Russia Claims They Had Hour-Long Call With CIA Director on ‘What Should be Done About Ukraine’

MOSCOW, RUSSIA - NOVEMBER, 24 (RUSSIA OUT): Russian Foreign Intelligence Service (SVR RF) Director Sergey Naryshkin gestures during the awards ceremony for the best history teachers, on November 24, 2021 in Moscow, Russia. (Photo by Mikhail Svetlov/Getty Images)
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The director of Russia’s foreign intelligence service claimed he had an hour-long call with CIA director William Burns to talk about the Wagner rebellion and “what should be done about Ukraine”.

Following previous claims that CIA director William Burns proactively reached out to Moscow following the shortlived insurrection by the Wagner mercenaries last month to reassure Russia that the United States wasn’t sponsoring the uprising, Burns’ opposite number claims that event was actually just a “pretext” for the conversation. In a statement published by Russian state media, the spy boss claimed the majority of the call was not about the Wagner uprising at all, and actually discussed “Ukraine and events around it”.

The major claims by Russian foreign intelligence agency boss Sergey Naryshkin were that the call lasted “about an hour” and that the two spymasters “gave some thought to and deliberated on what should be done about Ukraine”.

These claims, obviously, are purely on the say-so of Naryshkin: while the existence of call was earlier reported by U.S. intelligence community-adjacent publications the Wall Street Journal and New York Times last month, the CIA has not commented on the claims. The WSJ reports now that there are differences in the account between their sources in the U.S., and the Russian version of events.

The timing of the claims, coming as they did on the final day of the annual NATO summit in Lithuania which saw U.S. President Biden just minutes’ drive from the Belarussian border, suggests they may be intended to undermine Ukrainian confidence in U.S. support. Speaking at the alliance meeting Ukrainian President Volodymyr Zelensky — who had earlier publicly vented his anger at not being admitted to NATO immediately, before being chastised in the public eye by the United Kingdom for being ungracious for the huge material support received — said he would not accept any negotiated end to the war.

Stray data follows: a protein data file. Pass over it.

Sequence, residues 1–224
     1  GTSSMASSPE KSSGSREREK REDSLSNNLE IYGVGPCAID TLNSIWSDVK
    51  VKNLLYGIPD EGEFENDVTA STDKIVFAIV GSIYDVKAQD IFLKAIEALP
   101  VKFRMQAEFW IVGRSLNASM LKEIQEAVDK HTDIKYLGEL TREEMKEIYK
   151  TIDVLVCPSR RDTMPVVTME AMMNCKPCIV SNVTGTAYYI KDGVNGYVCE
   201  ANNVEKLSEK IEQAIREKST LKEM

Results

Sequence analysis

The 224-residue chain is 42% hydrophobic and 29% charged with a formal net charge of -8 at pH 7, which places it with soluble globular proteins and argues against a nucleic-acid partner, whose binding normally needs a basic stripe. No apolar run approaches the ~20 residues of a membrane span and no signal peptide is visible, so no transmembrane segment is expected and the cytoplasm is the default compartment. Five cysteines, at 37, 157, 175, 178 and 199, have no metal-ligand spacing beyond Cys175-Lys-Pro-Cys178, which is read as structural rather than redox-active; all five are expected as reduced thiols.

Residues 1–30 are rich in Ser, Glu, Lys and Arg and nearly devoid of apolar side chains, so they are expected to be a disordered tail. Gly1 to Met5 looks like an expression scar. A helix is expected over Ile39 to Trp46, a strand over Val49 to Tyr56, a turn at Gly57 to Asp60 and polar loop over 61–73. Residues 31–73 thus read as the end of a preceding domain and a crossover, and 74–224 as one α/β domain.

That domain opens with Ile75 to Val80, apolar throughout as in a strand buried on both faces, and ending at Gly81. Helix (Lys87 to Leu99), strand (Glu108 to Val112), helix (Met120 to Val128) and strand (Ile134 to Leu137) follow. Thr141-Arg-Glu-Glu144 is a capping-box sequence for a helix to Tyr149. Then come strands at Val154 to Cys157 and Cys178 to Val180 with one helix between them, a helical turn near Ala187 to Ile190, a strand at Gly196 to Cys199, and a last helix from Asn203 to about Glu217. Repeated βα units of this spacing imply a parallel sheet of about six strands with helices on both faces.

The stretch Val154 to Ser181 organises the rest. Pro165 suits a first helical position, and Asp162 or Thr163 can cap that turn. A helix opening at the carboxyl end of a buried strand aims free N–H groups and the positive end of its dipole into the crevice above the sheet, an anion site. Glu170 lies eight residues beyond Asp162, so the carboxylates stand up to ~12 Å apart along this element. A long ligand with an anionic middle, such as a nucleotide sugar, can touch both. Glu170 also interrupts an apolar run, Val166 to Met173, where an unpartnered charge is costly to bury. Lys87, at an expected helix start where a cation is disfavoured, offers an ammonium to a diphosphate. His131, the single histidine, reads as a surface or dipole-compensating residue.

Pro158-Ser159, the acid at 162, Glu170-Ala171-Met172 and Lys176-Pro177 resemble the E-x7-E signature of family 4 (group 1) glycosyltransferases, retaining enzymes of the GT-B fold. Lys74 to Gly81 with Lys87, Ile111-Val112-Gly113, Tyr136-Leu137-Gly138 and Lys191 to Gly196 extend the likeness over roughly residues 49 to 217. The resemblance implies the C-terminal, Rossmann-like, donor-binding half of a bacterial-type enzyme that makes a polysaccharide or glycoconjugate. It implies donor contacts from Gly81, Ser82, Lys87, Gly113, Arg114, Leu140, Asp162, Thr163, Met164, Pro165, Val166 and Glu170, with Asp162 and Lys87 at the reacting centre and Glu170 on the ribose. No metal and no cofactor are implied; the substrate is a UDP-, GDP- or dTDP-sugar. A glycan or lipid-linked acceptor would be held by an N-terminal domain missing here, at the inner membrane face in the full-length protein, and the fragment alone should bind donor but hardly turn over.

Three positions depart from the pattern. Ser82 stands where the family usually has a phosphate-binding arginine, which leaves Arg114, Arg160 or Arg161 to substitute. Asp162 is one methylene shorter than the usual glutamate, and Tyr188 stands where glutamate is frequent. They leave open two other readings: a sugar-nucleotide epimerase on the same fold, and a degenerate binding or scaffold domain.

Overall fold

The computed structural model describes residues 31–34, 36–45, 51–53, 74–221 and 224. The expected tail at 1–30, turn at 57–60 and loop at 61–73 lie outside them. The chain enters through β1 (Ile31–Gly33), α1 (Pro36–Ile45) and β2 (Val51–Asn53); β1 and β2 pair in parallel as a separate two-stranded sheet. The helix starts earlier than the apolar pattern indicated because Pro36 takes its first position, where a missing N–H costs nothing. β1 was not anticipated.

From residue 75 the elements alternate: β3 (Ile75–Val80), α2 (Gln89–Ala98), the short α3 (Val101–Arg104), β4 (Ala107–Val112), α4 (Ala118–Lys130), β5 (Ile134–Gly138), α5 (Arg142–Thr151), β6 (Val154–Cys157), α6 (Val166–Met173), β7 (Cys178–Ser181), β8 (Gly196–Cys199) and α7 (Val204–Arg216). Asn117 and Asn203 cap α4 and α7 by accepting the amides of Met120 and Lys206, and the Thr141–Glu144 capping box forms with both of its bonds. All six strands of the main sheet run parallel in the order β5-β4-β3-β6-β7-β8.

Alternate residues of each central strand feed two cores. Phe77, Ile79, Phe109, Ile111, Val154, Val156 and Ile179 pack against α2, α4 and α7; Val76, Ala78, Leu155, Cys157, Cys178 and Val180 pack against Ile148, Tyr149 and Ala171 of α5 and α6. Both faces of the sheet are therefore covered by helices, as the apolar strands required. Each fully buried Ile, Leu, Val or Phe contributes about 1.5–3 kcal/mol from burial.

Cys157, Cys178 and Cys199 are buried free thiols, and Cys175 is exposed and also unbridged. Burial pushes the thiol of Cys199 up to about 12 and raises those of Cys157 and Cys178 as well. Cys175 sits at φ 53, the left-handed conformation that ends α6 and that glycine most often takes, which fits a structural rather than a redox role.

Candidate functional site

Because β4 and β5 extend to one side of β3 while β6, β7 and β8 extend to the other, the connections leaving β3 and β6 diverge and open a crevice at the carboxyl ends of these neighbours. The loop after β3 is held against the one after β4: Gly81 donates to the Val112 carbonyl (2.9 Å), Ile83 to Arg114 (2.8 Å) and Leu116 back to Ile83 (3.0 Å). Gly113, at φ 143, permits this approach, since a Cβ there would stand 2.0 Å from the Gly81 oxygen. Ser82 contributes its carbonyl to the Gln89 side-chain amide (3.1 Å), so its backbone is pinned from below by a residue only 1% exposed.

Saying he would not settle for less than total victory, Zelensky said he would fight for every piece of recognised Ukrainian territory, even if it was just a lonely village with a population of “one old man”. Zelensky has often said there needs to be Russian accountability for the war and has called for a war crimes tribunal for the Russian leadership, ideas that would be weakened if he believed the U.S. was having secret war talks with Russia behind his back.

The United States has previously been moved to deny it is having secret peace talks with Russia after CIA boss Burns met with Russia’s Naryshkin in person in Turkey in late 2022.

While high-level discussions between spymasters over Ukraine may seem extraordinary given worsening relations between East and West following Russia’s re-invasion of Ukraine from last year, they are with abundant precedent going back to the Cold War. The well-known Moscow-Washington hotline, portrayed in fiction as the ‘red telephone’, allowed rapid communication between powers as a means of de-escalating tensions and decreasing the likelihood of inadvertent nuclear war and survives to this day, even if it is little used.


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